A rock climbing enthusiast who faced amputation after breaking his leg in five places while climbing in the Lake District has undergone revolutionary stem cell treatment to save his leg.
Andrew Kent faced losing his leg following a horrific accident earlier this year in which a large boulder fell on him as he climbed in the Langdale Pikes.
After undergoing initial surgery at the Cumberland Infirmary in Carlisle to pin the bones back together, he was then transferred to the private Spire Alexandra Hospital in Chatham, Kent. He was seen by orthopaedic surgeon Anan Shetty, who performed a new treatment that involved extracting stem cells from bone marrow in Mr Kent’s hip and mixing them with a collagen gel to form a mouldable paste which could be inserted into the fractures in his leg.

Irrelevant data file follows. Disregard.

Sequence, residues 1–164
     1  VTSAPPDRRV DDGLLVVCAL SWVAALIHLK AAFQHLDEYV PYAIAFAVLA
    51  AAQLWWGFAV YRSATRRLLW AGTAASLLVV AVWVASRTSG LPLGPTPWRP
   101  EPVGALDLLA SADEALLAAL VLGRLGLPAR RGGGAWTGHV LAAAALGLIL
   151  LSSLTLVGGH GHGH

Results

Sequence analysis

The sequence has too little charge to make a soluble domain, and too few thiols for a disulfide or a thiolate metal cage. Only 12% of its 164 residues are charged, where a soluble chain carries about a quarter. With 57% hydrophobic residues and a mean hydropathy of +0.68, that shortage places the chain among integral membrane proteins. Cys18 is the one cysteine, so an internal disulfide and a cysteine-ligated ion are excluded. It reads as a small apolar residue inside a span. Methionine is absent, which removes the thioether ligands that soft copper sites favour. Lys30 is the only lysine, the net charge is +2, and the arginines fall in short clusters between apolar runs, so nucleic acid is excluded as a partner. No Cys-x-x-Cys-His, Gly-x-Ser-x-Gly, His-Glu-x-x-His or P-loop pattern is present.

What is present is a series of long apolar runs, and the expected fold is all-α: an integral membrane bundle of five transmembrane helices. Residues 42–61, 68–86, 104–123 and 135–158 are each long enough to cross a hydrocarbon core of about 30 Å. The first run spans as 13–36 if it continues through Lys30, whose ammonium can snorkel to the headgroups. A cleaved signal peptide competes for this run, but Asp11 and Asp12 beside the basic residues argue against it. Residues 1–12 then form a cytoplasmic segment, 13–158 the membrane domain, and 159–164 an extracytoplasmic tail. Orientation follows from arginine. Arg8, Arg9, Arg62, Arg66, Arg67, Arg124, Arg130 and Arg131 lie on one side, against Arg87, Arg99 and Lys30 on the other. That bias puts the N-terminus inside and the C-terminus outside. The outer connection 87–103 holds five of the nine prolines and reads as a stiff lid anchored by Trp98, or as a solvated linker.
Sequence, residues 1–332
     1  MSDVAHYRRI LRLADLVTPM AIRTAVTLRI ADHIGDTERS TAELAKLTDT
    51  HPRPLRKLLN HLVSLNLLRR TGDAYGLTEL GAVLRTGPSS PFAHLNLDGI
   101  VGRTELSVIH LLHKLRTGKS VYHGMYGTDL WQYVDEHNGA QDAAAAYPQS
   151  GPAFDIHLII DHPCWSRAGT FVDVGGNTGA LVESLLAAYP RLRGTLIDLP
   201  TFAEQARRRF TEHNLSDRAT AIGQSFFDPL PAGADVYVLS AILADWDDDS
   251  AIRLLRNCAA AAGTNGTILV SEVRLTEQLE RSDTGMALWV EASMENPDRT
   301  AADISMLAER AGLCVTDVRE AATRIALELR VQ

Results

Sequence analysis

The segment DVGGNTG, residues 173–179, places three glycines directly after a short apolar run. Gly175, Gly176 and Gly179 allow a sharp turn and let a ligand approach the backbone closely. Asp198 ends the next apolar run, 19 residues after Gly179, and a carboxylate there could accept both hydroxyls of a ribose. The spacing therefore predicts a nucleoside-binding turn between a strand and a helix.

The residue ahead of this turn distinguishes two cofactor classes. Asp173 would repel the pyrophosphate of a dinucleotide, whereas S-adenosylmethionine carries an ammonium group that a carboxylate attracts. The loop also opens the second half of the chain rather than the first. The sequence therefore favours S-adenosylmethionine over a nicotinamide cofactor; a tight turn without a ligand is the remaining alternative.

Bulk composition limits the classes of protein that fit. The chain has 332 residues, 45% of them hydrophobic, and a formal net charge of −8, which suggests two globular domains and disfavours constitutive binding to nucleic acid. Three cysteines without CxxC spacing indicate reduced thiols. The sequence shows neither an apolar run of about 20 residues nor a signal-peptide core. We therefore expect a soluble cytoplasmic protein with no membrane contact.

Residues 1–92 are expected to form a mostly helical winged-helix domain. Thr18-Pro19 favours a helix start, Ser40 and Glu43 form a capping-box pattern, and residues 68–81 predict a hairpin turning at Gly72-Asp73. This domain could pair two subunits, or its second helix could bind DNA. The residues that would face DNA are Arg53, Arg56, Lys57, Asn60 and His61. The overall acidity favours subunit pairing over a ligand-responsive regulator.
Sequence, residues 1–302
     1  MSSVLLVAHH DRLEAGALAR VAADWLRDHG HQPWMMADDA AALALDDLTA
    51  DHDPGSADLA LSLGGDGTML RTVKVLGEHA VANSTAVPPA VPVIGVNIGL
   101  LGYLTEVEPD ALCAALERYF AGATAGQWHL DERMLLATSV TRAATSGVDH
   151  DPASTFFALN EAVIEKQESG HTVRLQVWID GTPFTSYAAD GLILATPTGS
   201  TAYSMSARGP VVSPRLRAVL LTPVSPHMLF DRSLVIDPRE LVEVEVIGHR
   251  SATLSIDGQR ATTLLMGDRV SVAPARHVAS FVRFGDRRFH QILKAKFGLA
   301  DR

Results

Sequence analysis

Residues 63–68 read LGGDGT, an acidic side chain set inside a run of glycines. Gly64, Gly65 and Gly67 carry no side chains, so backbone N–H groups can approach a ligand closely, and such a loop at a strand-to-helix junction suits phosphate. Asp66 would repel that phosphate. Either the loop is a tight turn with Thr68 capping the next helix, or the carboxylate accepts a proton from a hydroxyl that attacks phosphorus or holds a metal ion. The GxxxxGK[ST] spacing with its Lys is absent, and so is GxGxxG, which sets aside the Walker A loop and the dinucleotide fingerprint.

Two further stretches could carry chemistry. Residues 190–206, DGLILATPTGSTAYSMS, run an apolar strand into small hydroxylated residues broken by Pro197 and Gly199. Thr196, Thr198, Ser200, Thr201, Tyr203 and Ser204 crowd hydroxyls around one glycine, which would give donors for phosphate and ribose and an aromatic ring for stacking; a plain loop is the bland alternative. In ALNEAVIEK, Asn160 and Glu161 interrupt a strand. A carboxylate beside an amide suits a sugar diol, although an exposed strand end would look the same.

Speaking after the removal of the metal cage that had held Mr Kent’s leg in place for six months, Mr Shetty said: “He has really surprised us. He won’t be able to run for about a year, but after 18 months his bones will have healed completely.
“I’m sure he’ll be able to go back and rock climb again.”
Mr Shetty will carry out the technique on around 30 patients before submitting his results to the National Institute for Health and Clinical Excellence.